Wednesday, July 20, 2016

#2,148. Sinbad and the Eye of the Tiger (1977)

Directed By: Sam Wanamaker

Starring: Patrick Wayne, Jane Seymour, Taryn Power

Tag line: "New!! Sinbad's Boldest And Most Daring Adventure!"

Trivia: After the live action filming was done, it took animator Ray Harryhausen almost 1½ years to do the animation

The third and final chapter in the Sinbad Trilogy, Sinbad and the Eye of the Tiger was released in 1977, around the same time that another fantasy film known as Star Wars (or Star Wars Episode IV: A New Hope) hit the scene. While Star Wars represented a leap forward in movie special effects, Sinbad and the Eye of the Tiger relied on stop-motion animation, which had been around since the days of silent pictures. 

Fortunately, the man responsible for creating Sinbad’s effects was Ray Harryhausen, who, despite specializing in such a time-honored, "archaic" process, always found a way to make it seem fresh.

Sinbad (played this time around by Patrick Wayne) has come to the port city of Charak to pay a visit to his good friend Prince Kassim (Damien Thomas) and his sister, Princess Farah (Jane Seymour), who also happens to be the famous sailor’s girlfriend. 

Arriving several days after the scheduled coronation of Kassim as Caliph, Sinbad assumes the Prince is now the ruler of the city. But thanks to the evil witch Zenobia (Margaret Whiting), step-mother to the Prince and Princess, the coronation was never completed. It is Zenobia’s wish that her own son Rafi (Kurt Christian) be made Caliph, so as the crown was about to be placed on Kassim’s head, she used her magic to transform the Prince into a baboon!

With nowhere else to turn, Princess Farah begs Sinbad to help her brother. To this end, Sinbad gathers his crew - as well as Kassim and Farah - and sets sail for the Greek island of Casgar, rumored home of the brilliant alchemist Melanthius (Patrick Troughton). Though unable to break Zenobia’s spell himself, Melanthius, who lives alone with his daughter Dione (Taryn Power), recommends they brave the icy waters of the North and visit the remains of the once-great city of Hyperborea, where an advanced race known as the Arimaspi resided.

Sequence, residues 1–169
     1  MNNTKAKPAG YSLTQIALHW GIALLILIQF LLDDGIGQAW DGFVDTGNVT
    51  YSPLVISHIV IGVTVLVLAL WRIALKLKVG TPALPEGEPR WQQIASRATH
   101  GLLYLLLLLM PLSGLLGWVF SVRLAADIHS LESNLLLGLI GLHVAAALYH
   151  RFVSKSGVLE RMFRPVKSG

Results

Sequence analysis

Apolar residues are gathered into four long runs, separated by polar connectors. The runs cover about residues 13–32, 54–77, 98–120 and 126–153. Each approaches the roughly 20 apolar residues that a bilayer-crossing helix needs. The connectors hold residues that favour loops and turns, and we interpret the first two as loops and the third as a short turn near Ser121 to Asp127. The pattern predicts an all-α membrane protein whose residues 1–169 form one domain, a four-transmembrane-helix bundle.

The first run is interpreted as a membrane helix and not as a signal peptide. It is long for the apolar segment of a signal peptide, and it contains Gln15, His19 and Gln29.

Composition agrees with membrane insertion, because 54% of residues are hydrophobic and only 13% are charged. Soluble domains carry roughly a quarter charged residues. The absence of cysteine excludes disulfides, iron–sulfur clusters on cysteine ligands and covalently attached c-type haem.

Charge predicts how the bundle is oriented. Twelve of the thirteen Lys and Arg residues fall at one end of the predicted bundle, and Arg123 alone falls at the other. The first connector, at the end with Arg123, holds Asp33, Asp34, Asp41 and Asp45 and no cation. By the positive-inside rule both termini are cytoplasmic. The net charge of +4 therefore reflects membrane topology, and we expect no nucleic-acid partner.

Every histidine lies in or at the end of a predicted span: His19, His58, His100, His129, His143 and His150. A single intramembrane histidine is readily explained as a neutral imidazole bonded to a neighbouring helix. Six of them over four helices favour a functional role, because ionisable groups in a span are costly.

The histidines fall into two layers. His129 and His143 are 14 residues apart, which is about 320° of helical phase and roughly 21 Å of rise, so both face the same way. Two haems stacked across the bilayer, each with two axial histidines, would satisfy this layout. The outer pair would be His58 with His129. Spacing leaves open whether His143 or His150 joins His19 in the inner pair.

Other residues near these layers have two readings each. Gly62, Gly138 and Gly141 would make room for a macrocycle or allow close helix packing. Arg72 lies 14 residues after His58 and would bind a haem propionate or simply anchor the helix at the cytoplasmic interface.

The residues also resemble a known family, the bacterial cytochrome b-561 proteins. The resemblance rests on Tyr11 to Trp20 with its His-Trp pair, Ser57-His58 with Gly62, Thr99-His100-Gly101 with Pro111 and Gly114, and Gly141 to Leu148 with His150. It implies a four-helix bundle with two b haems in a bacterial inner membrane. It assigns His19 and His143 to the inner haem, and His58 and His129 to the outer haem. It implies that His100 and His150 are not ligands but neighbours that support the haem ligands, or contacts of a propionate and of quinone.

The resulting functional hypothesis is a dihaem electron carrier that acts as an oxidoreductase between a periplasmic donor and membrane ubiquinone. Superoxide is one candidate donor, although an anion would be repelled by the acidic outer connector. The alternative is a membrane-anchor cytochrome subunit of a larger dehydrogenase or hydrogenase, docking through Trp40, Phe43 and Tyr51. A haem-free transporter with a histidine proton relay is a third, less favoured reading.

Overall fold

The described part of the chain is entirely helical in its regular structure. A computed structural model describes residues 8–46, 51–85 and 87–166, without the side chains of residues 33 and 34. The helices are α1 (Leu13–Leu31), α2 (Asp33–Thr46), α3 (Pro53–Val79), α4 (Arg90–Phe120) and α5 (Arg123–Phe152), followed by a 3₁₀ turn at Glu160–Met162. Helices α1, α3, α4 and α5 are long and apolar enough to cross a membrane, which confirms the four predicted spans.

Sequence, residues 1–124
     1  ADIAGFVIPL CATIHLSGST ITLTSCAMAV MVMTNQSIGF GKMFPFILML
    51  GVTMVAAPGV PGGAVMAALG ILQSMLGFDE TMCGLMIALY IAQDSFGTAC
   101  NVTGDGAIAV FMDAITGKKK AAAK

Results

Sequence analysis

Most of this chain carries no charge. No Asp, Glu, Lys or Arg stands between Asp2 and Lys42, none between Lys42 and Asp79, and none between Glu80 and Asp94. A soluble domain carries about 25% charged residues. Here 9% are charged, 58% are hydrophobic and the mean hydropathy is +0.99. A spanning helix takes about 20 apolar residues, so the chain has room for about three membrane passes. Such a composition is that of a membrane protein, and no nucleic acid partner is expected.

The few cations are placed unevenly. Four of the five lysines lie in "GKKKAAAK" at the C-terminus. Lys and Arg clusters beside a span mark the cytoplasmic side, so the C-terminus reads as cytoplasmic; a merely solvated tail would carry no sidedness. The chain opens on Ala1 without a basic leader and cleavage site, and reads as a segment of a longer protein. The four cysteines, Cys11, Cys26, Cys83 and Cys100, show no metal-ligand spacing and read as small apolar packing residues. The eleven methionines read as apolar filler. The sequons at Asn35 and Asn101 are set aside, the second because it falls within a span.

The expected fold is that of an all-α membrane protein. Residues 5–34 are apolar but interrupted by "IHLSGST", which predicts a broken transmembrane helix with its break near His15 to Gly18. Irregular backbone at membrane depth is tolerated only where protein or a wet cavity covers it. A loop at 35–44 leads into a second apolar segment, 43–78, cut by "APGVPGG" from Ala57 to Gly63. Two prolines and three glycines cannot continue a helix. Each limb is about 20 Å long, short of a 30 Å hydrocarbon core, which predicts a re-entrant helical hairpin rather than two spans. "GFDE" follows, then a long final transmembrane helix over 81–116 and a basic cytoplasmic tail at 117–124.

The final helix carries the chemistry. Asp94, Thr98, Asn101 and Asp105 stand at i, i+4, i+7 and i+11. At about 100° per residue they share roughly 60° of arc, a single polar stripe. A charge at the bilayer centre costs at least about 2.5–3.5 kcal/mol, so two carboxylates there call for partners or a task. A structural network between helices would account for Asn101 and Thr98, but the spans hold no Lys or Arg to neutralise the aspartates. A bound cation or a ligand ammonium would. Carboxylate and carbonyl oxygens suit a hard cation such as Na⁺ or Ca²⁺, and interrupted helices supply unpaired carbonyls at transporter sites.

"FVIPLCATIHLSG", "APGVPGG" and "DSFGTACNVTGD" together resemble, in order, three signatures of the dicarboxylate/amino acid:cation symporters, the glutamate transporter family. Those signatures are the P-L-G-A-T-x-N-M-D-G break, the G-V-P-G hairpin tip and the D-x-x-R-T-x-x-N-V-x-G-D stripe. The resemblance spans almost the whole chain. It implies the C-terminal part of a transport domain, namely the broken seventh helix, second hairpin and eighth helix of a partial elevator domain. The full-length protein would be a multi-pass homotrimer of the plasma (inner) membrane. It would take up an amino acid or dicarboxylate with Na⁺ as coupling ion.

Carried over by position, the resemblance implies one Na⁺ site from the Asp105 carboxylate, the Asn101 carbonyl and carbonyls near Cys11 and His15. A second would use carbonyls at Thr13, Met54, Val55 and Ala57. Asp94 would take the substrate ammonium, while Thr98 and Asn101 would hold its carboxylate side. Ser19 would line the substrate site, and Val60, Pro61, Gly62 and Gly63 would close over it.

It’s Melanthius’ belief that the town’s sacred temple may hold the secret to changing Kassim back to his former self. With time slipping away (if Kassim isn’t made Caliph by the seventh full moon, Rafi will instead be crowned), the group heads north. What they don’t realize, however, is that Zenobia and Rafi, along with their mechanical servant the Minotaun, are following close behind, and plan to reach the Temple before our heroes.

As with Harryhausen’s previous films, including the first two Sinbad movies (7th Voyage and Golden Voyage), the best moments in Sinbad and the Eye of the Tiger feature his stop-motion artistry. We get a few original creations, like the Minotaun (for close-ups, actor Peter Mayhew, AKA Chewbacca in the Star Wars films, wore the Minotaun suit) and the Troglodyte, an ancestor of mankind that is several stories tall. Yet some of Harryhausen’s most impressive work involves not mythical creatures, but real-life ones. The animation he provides for the baboon version of Kassim is stunning (there are moments when you believe you’re watching a real animal), and while the fight with the giant Walrus isn’t particularly exciting, the final battle, in which the Troglodyte squares off against a Sabretooth Tiger, is as thrilling as they come.

Along with the animation, I enjoyed the adventure at the heart of Sinbad and the Eye of the Tiger. Sure, the story  isn’t particularly original; there are scenes that could have easily been lifted from any number of earlier fantasy films. Yet it still managed to hold my attention. In some of Harryhausen’s lesser movies, I found myself impatiently waiting for his next animated sequence, not caring much about the quest at the heart of it all (Golden Voyage of Sinbad is one example). This was not the case with Eye of the Tiger

With the ushering in of high-tech computer graphics and outer space adventures, the film's tale of swordplay and ancient magic undoubtedly seemed antiquated to some back in 1977. As for me, even in 2016, I had an absolute blast watching this movie! 

In fact, I’m kind of sad that Harryhausen didn’t have a fourth Sinbad film in him.

1 comment:

Unknown said...

Why didn't Survivor write the theme song for this movie instead? It would have made more sense than a Rocky movie. Ha ha. Seriously, good review. Now I am intrigued just for the Harryhausen effect.